Consciousness, has been from the start, since the first philosophers, an unanswered question, that has been an almost impossible task to fully understand and grasp the concept of consciousness. Therefore to define consciousness it is challenging and difficult. For the purpose of this article we could define consciousness as the realisation of self being, the fact that we know that we alone exist. If we go by this definition, then we already see the limitations of it. If only you know you are conscious then what about the rest of humanity, and the animal kingdom? Are they consciousness even though you cannot fully tell whether they are.
Throughout history, consciousness has been affiliated with the human soul. Religions such as Islam and christianity see this as the only thing about the human body that shall transcend through time and dimensions, where the human spirit, its ability to tell right from wrong, its ability to conclude the difference between evil and pure resides, thus the philosophical values of religion are all based upon the actions of your consciousness.
We have still not learn what causes consciousness, and why do we have it. But study in neuroscience and neuropsychology, is allowing us to get closer to the answer. The primary focus is on understanding what it means to biologically and physically for information to be present in consciousness. Due to the rise in AI (artificial intelligence) sooner or later, humans will be posed with the question of artificial consciousness, will it be possible to artificially create consciousness, and how will it differ.
Consciousness—Philosophers have used the term 'consciousness' for four main topics: knowledge in general, intentionality, introspection (and the knowledge it specifically generates) and phenomenal experience... Something within one's mind is 'introspectively conscious' just in case one introspects it (or is poised to do so). Introspection is often thought to deliver one's primary knowledge of one's mental life. An experience or other mental entity is 'phenomenally conscious' just in case there is 'something it is like' for one to have it. The clearest examples are: perceptual experience, such as tastings and seeings; bodily-sensational experiences, such as those of pains, tickles and itches; imaginative experiences, such as those of one's own actions or perceptions; and streams of thought, as in the experience of thinking 'in words' or 'in images'. Introspection and phenomenality seem independent, or dissociable, although this is controversial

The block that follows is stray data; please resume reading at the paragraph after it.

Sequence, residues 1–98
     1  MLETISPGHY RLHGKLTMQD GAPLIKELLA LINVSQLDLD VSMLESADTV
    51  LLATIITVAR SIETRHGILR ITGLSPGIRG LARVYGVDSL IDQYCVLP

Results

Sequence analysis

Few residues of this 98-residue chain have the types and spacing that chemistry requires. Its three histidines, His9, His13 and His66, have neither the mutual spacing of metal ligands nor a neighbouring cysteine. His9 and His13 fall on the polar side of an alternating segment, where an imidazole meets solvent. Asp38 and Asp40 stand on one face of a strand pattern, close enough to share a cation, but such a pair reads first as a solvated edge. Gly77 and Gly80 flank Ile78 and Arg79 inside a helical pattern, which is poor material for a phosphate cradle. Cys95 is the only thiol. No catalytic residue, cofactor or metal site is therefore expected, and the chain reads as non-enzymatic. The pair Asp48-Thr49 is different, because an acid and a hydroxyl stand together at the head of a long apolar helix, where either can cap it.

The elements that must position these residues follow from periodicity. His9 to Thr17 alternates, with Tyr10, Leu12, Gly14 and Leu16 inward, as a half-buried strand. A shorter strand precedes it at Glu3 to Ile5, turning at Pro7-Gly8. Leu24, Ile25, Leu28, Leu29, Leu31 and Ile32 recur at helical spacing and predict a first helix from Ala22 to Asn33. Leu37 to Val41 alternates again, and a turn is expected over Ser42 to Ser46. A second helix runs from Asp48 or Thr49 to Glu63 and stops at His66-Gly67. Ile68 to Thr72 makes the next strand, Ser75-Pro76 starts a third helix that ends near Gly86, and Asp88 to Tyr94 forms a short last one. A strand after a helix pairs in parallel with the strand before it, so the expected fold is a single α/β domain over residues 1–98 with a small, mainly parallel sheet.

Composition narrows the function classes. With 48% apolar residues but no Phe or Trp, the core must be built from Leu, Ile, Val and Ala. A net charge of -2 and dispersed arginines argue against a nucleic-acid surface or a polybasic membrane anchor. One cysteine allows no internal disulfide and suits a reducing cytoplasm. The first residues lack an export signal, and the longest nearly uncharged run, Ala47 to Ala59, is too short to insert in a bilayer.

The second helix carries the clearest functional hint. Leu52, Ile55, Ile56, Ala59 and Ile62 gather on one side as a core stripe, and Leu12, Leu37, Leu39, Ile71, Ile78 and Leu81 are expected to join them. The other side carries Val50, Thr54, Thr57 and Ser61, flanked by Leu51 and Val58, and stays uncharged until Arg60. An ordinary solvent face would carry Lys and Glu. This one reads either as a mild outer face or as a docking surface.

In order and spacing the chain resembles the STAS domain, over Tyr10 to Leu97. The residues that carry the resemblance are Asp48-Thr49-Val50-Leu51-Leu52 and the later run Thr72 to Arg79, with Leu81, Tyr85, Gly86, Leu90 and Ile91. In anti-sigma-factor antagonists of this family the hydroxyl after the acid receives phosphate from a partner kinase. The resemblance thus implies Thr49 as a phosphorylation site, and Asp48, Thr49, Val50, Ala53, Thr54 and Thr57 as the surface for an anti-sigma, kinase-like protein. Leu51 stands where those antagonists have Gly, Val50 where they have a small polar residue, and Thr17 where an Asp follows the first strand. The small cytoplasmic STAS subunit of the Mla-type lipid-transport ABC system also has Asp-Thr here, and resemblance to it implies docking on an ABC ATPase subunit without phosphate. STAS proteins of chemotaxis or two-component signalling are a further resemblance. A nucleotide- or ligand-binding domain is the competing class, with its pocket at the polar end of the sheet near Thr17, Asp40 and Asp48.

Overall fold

One of the following factors of consciousness is that are the decisions we make truly our decisions? In a game, the character is told to move forward, in terms of game play we humans told it to go forward, but from the perspective of the player, it moved on its own. Similarly, are we just another simulation of an advanced race, where all our thoughts, processes, emotions, decisions just pre programmed algorithms on a supercomputer of un imaginable computational power?
One day we shall get the answers. Ground breaking research into neuroscience, shall one day reveal answers, as everyday we get closer and closer into finding the truth..
Birth asphyxia (specifically known as perinatal asphyxia) is a medical condition that arises when there is a lack of oxygen to a new-born infant that lasts long enough during the birth process to cause physical harm, usually to the brain. Hypoxic (a region of the body that is deprived of adequate oxygen supply at the tissue level) damage can occur to most of the infant's organs (heart, lungs, liver, gut, kidneys), but brain damage is of most concern and perhaps the least likely to quickly or completely heal. One million babies die every year suffering from brain asphyxia, however this figure will soon decline dramatically due to the new introduction to the treatments available include cooling, which was thought of after 15 years of medical research.
Neonatal encephalopathy is the state the baby is in when abnormal neurological function in the first few days of life as an infant (commonly caused by birth asphyxia) show up with signs such as reduced level of consciousness, seizures, difficulty initiating and maintaining respiration, depression of tone and reflexes. During the 1950s, a system known as SARNAT staging was used to measure the level of consciousness of the a patient (in this instance, a baby) to determine whether the baby was showing signs of neonatal encephalopathy. Today, we use an EEG (an electroencephalogram) which provides health professionals a very accurate representation (in comparison to the SARNAT) of the activity in the brain so that it is clearer for them to come up with a solution to relieve the symptoms as soon as it arises to decrease the amount of potential damage to the brain.
By cooling the baby by 3℃ for 6 hours for 3 consecutive days, it has proven to: